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Walk, subst. 1) the act of walking or going on foot: “my very w. should be a jig,” Tw. I, 3, 138. “all men . . . make it their w.” Mcb. III, 3, 14 (instead of riding).
Used of a tour made by two partners in a masquerade: “I am yours for the w.” Ado II, 1, 92 (cf. Rom. I, 5, 19).
2) way, course: “I will . . . be absent from thy --s,” Sonn. 89, 9. “hop in his --s and gambol in his eyes,” Mids. III, 1, 168. more (joy) “than to us wait in your royal --s, your board, your bed,” V, 31. “who would live turmoiled in the court, and may enjoy such quiet --s as these?” H6B IV, 10, 19 (cf. the Yorkshire Tragedy I, 4: never look for prosperous hour, good thoughts, quiet sleep, contented --s, nor anything that makes man perfect). “let's leave her to her silent --s,” Tit. II, 4, 8. “in the day's glorious w., or peaceful night,” Per. I, 2, 4 (cf. the verb in Merch. V, 128. Tw. III, 1, 43. Hml. I, 1, 167).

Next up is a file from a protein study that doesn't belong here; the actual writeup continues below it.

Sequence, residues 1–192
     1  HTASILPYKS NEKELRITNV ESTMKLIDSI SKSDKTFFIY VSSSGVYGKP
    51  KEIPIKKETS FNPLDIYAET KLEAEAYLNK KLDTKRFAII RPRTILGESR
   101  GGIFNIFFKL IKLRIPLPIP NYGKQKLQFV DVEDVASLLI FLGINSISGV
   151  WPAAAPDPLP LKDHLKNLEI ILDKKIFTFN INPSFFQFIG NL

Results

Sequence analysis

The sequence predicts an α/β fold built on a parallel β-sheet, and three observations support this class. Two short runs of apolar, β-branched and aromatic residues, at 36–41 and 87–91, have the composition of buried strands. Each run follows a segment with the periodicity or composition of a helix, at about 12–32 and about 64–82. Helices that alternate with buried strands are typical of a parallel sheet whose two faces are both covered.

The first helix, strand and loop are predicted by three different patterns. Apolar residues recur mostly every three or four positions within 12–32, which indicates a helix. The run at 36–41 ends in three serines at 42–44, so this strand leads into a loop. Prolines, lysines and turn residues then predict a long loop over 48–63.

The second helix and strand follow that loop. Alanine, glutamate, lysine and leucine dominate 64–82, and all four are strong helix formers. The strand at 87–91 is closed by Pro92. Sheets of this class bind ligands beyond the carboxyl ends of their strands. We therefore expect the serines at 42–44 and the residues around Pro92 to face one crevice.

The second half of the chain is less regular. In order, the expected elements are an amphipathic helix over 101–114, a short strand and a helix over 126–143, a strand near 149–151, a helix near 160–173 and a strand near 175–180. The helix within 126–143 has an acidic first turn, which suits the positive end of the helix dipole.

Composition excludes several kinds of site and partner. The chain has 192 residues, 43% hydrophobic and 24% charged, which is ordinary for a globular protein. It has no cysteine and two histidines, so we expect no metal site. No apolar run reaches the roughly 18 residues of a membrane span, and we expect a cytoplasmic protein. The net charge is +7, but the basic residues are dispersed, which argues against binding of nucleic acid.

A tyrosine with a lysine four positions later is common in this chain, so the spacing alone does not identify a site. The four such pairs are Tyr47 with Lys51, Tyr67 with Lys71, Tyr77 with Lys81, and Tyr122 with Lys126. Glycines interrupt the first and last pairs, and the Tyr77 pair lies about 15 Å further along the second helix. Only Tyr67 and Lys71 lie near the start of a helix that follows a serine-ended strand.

3) an avenue set with trees: “Malvolio's coming down this w.” Tw. II, 5, 19.
4) a piece of ground fit to walk and wander in; particularly a park or garden: “the fellow of this w.” Wiv. V, 5, 29 (Dyce, without quoting an authority: 'district in a forest'). in this close w. (the Duke of York's garden) H6B II, 2, 3. “my parks, my --s, my manors,” H6C V, 2, 24. “the forest --s are wide and spacious,” Tit. II, 1, 114. “he hath left you all his --s, his private arbours and new-planted orchards,” Caes. III, 2, 252. Applied to a town: her (Rome's) “wide --s encompassed but one man,” Caes. I, 2, 155 (M. Edd. unanimously walls).
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